The loss of vision due to heredodegenerative diseases of the receptors traditionally has been followed in the clinic with behaviorally measured visual fields and/or electrophysiologically measured electroretinograms. The behavioral techniques, such as standard automated perimetry (SAP), have the advantage of providing topographical information about the disease process. With the introduction of optical coherence tomography (OCT), it became possible to obtain topographical information about the anatomical/structural damage to the receptors as well.
A number of studies have shown a correspondence between a loss of light sensitivity with SAP and a decrease in receptor layer thickness on OCT scans. Earlier studies with time domain OCT showed good quantitative agreement between the extent of local field loss and the thickness of the outer nuclear layer (ONL) [1
]. With the improved resolution of frequency domain (fd) OCT, it became possible to measure the thickness of the outer segment (OS) layer. Rangaswamy et al. [5
], for example, found that the OS thickness decreased approximately linearly with local field loss, becoming non-detectable in regions where visual field sensitivity loss was worse than −10 dB. A study of the transition zone from regions of normal to abnormal vision reported that the earliest sign of damage in RP was a thinning of the OS layer, followed by a decrease in ONL thickness, and then a disappearance of the OS layer [6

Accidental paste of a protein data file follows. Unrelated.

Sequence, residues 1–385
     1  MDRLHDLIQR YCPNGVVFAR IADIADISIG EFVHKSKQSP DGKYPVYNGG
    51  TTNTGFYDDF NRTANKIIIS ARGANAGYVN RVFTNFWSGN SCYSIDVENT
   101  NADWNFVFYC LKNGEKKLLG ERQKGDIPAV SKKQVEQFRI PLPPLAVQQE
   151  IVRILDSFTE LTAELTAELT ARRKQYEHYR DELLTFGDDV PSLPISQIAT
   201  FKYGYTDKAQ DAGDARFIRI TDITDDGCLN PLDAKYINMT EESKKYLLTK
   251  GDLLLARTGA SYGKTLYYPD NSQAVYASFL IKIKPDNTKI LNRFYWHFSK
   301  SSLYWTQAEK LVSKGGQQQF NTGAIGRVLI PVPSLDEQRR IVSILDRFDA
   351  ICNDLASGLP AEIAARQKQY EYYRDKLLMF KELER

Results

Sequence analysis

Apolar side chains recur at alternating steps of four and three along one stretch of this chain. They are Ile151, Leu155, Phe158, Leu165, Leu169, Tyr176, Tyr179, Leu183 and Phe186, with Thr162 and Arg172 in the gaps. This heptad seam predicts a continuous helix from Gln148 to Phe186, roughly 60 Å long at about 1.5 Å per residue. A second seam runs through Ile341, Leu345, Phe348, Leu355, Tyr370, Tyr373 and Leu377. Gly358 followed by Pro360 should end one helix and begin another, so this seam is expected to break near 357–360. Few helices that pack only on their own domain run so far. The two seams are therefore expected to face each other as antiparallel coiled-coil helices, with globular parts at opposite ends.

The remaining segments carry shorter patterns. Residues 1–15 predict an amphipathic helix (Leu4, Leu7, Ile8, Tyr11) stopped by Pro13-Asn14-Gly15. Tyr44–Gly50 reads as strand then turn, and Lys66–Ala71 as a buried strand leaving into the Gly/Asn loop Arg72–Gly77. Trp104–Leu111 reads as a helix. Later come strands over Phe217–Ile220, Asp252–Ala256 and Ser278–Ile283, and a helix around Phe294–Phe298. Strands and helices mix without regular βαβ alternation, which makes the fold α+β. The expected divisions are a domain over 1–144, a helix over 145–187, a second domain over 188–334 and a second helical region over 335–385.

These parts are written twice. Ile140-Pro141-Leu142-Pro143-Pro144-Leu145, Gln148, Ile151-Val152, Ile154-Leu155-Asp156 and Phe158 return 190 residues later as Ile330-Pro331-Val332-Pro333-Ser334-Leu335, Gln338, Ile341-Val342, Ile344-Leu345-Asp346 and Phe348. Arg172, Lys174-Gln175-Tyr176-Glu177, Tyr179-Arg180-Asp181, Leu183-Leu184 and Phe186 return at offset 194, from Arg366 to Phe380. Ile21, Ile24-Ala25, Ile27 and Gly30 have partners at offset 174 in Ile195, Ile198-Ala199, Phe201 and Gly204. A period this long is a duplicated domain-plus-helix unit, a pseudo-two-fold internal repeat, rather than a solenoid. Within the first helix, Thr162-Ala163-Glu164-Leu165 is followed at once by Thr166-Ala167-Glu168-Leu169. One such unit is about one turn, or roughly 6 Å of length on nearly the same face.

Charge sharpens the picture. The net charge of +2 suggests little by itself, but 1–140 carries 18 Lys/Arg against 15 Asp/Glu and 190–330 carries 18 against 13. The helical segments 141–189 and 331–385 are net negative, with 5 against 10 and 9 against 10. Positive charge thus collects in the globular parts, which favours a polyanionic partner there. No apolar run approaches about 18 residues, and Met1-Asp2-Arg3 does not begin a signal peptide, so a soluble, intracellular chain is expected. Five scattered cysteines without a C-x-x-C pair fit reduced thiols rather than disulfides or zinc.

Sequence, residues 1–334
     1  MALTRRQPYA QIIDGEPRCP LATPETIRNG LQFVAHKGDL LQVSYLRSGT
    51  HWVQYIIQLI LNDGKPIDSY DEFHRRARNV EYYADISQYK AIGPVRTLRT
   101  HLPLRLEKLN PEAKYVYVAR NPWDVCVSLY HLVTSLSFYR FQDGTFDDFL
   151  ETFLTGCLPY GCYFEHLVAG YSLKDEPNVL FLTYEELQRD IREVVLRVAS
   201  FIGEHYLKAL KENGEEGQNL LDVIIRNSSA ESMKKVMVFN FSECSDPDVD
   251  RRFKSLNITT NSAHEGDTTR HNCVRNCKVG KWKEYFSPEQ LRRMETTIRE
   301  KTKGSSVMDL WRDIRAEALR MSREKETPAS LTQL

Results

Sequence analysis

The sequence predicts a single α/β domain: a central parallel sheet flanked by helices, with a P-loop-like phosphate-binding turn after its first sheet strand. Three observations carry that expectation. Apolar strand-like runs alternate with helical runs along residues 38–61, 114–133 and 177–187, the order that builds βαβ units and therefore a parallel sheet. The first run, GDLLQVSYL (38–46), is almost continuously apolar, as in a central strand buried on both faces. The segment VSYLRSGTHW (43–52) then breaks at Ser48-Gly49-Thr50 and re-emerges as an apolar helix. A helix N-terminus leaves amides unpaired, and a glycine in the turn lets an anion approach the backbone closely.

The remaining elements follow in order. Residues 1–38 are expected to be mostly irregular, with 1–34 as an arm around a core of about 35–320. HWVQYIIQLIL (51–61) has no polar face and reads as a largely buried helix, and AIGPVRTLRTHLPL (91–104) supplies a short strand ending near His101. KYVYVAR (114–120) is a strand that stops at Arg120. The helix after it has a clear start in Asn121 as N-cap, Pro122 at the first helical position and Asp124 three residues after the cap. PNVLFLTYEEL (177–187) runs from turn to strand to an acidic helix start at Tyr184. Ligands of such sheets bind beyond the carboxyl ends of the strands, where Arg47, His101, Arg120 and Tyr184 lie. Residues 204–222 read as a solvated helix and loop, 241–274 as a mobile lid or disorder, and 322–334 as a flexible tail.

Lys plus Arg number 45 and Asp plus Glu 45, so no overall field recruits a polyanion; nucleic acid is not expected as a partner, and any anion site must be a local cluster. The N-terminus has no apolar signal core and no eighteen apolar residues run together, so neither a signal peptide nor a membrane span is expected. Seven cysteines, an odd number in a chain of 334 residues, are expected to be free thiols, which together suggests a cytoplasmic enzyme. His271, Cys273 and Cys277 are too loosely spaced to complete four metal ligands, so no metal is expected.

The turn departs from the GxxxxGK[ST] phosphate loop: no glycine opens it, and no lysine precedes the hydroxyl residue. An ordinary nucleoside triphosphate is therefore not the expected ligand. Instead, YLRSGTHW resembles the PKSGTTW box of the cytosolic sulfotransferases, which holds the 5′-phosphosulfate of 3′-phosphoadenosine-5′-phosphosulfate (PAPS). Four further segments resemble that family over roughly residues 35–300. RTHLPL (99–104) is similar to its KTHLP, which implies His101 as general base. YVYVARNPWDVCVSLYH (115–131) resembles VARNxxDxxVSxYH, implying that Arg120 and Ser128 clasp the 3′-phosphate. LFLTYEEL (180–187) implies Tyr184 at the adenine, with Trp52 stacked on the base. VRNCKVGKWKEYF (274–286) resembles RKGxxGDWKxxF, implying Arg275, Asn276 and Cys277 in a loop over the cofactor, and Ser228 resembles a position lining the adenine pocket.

]. The disappearance of the OS layer occurs, by definition, at the point where the so-called inner segment (IS)/OS border is no longer visible.
What is called the IS/OS border is a prominent and clearly visible landmark on OCT scans. Whether this is in fact the IS/OS border or the ellipsoids at the distal ends of the IS is open to debate [7
]. In any case, there are many reports of this IS/OS border being disrupted in patients with diseases of the outer retina. (See for example [8
].) Of particular relevance here is the finding of Fischer et al. [11
] that the distance from the center of the fovea to the loss of the IS/OS signal correlated with distance to the edge of the visual field as measured with Goldmann perimetry.
Taken together, these studies suggest that the point at which the IS/OS border disappears should correspond to a visual field sensitivity loss of −10 dB and may provide a structural marker for the edge of the visual field. Here we test this hypothesis. In addition, we explore the use of this OCT marker as a possible measure of disease progression.